Jul 2, 1984 Oscar State died; born Apr 26, 1911

Jul 3, 1999 Andy Jackson died; born Aug 27, 1905

Jul 4, 1910 Martin 'Farmer' Burns last fight. Reno, Nevada age 50.

Jul 4, 1919 Roland Essmaker's mother passed away. Notice the next item:

Jul 4, 1939 Roland Essmaker became the first AAU Mr. America, on the 20th anniversary of his mother's passing, and on this same day, Joe Abbenda was born. He would become the 1962 Mr. America.

Jul 4 or 14, 1941 Sergio Oliva born. Sergio's unfortunate insertion timewise between Larry Scott and Arnold Schwarzenegger cut short his glory days. But Sergio, in the eyes of many, was cheated out of the 1972 Mr. Olympia.

Jul 4, 1952 Beverly Jocher wins Miss Muscle Beach

Jul 4, 1989 Aline Reeves (Steve's wife) suffered a heart attack and passed away Jul 24.

Jul 4, 1999 Claude R. Barnholth died.

INCH 101 part 13:

During 1922, Inch would reach the half-way point of his life.

Keep in mind that Inch had 'retired' the 172 circa 1931, but that he apparently would reinvigorate it for World War II appearances.

Jun 23, 1934 in H&S Inch wrote 'New Methods for Full Fitness [boxing]"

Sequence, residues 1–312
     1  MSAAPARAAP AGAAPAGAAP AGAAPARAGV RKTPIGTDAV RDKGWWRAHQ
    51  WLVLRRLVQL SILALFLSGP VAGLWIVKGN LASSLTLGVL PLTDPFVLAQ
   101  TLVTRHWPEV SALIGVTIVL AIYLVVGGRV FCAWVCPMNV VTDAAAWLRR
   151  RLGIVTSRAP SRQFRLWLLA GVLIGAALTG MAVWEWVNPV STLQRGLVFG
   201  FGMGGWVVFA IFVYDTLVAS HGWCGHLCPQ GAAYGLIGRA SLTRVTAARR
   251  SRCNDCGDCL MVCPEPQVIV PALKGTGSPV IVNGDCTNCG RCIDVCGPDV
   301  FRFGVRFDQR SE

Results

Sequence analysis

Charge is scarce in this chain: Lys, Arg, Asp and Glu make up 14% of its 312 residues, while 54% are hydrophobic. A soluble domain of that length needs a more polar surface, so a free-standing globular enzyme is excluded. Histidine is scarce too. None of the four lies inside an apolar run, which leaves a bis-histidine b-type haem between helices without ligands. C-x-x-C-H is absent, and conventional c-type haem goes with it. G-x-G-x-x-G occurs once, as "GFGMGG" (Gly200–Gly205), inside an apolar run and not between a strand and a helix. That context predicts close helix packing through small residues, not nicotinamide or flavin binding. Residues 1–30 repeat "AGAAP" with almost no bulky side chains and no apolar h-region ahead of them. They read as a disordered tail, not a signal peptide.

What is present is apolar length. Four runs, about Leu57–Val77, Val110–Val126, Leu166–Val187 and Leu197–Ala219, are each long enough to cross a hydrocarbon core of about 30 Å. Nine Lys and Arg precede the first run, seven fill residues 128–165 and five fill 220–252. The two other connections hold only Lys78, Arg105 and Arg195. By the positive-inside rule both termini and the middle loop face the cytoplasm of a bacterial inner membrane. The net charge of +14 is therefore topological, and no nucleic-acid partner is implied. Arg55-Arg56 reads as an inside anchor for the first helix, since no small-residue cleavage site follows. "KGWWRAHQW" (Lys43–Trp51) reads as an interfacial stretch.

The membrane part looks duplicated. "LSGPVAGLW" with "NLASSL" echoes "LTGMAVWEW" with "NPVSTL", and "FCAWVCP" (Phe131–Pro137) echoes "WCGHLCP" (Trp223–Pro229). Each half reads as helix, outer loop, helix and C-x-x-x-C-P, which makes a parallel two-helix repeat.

Jun 24, 1939 p 938 a paragraph about his book on neurasthenia being reprinted

Jun 24, 1939 p 949 'Weights Better than Strands [cables] For All-Round Strength Test"

Jun 26, 1952 ad for his new book 'A New Lease on Life'

Jun 30, 1937 Albert Henry Hengler (connected to the Hengler's Circus) died; was born Aug 10, 1862.[You'll recall that it was at Hengler's Circus where Inch and Saxon left the 172 to see if Padoubny or other performers could lift it.]

In the Jun 30, 1960 issue of Health & Strength, Inch wrote: 'Why the Front Squat was Invented". Part of the article is devoted to how Inch helped W.L. Carquest train:

"Strange as it may sound now, the 'deep knees bend' with a barbell was very little practiced then, and never with the weight held in front of the chest. I decided to advise Carquest to practice 'squatting' with the barbell held in front, pointing out that not only would it help him in the finish of his favorite lift [bent press] but that he might possibly find that he could 'pull in' more 'two hands clean' that way in the long run."

"Carquest's legs were quite good before he started this special type of training on my advice, but they naturally became better than they had been previously as a result of it."